Hyperglycemia and a Common Variant of GCKR Are Associated With the Levels of Eight Amino Acids in 9,369 Finnish Men
- Alena Stančáková1,
- Mete Civelek2,
- Niyas K. Saleem1,
- Pasi Soininen3,4,
- Antti J. Kangas3,
- Henna Cederberg1,
- Jussi Paananen1,
- Jussi Pihlajamäki5,
- Lori L. Bonnycastle6,
- Mario A. Morken6,
- Michael Boehnke7,
- Päivi Pajukanta8,
- Aldons J. Lusis2,
- Francis S. Collins6,
- Johanna Kuusisto1,
- Mika Ala-Korpela3,4,9 and
- Markku Laakso1⇓
- 1Department of Medicine, University of Eastern Finland and Kuopio University Hospital, Kuopio, Finland
- 2Department of Human Genetics, the Department of Microbiology, Immunology and Molecular Genetics, and the Department of Medicine, University of California, Los Angeles, Los Angeles, California
- 3Computational Medicine Research Group, Institute of Clinical Medicine, University of Oulu and Biocenter Oulu, Oulu, Finland
- 4Nuclear Magnetic Resonance Metabonomics Laboratory, Laboratory of Chemistry, Department of Biosciences, University of Eastern Finland, Kuopio, Finland
- 5Departments of Medicine and Clinical Nutrition, University of Eastern Finland and Kuopio University Hospital, Kuopio, Finland
- 6National Human Genome Research Institute, National Institutes of Health, Bethesda, Maryland
- 7Center for Statistical Genetics, Department of Biostatistics, University of Michigan School of Public Health, Ann Arbor, Michigan
- 8Department of Human Genetics, David Geffen School of Medicine, University of California, Los Angeles, Los Angeles, California
- 9Department of Internal Medicine and Biocenter Oulu, Clinical Research Center, University of Oulu, Oulu, Finland.
- Corresponding author: Markku Laakso, .
We investigated the association of glycemia and 43 genetic risk variants for hyperglycemia/type 2 diabetes with amino acid levels in the population-based Metabolic Syndrome in Men (METSIM) Study, including 9,369 nondiabetic or newly diagnosed type 2 diabetic Finnish men. Plasma levels of eight amino acids were measured with proton nuclear magnetic resonance spectroscopy. Increasing fasting and 2-h plasma glucose levels were associated with increasing levels of several amino acids and decreasing levels of histidine and glutamine. Alanine, leucine, isoleucine, tyrosine, and glutamine predicted incident type 2 diabetes in a 4.7-year follow-up of the METSIM Study, and their effects were largely mediated by insulin resistance (except for glutamine). We also found significant correlations between insulin sensitivity (Matsuda insulin sensitivity index) and mRNA expression of genes regulating amino acid degradation in 200 subcutaneous adipose tissue samples. Only 1 of 43 risk single nucleotide polymorphisms for type 2 diabetes or hyperglycemia, the glucose-increasing major C allele of rs780094 of GCKR, was significantly associated with decreased levels of alanine and isoleucine and elevated levels of glutamine. In conclusion, the levels of branched-chain, aromatic amino acids and alanine increased and the levels of glutamine and histidine decreased with increasing glycemia, reflecting, at least in part, insulin resistance. Only one single nucleotide polymorphism regulating hyperglycemia was significantly associated with amino acid levels.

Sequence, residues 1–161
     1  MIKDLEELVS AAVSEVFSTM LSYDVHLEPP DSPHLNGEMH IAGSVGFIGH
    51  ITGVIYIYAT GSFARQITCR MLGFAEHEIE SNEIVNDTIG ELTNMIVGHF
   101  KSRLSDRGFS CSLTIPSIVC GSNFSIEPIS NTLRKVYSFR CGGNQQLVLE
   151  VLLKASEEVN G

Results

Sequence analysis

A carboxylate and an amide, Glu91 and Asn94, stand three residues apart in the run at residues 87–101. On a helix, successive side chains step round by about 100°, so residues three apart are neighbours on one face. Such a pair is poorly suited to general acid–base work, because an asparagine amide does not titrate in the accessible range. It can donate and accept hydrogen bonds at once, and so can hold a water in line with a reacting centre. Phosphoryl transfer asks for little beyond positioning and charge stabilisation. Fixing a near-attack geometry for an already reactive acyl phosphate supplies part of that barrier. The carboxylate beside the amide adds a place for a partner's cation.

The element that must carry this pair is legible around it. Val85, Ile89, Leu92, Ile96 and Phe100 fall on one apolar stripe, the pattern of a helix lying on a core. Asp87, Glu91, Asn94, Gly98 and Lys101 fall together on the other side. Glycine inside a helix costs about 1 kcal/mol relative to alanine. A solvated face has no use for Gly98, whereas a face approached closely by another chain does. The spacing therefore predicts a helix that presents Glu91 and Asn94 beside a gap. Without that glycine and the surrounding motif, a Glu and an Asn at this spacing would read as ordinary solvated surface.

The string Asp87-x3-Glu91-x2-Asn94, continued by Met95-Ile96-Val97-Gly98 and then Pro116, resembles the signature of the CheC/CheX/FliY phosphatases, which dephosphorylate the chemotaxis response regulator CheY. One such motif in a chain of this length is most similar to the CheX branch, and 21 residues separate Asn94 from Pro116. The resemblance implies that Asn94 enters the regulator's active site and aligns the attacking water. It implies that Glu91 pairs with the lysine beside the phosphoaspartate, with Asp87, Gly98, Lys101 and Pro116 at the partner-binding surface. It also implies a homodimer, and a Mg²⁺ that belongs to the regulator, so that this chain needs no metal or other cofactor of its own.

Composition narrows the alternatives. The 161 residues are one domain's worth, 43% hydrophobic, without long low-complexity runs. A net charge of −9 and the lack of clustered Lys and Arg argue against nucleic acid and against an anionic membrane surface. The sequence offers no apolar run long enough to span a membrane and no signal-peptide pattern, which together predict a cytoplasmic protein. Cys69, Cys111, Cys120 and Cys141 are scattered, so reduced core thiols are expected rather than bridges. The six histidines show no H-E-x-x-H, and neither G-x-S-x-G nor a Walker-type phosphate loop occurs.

This article contains Supplementary Data online at http://diabetes.diabetesjournals.org/lookup/suppl/doi:10.2337/db11-1378/-/DC1.
- Received October 5, 2011.
- Accepted March 4, 2012.
- © 2012 by the American Diabetes Association.
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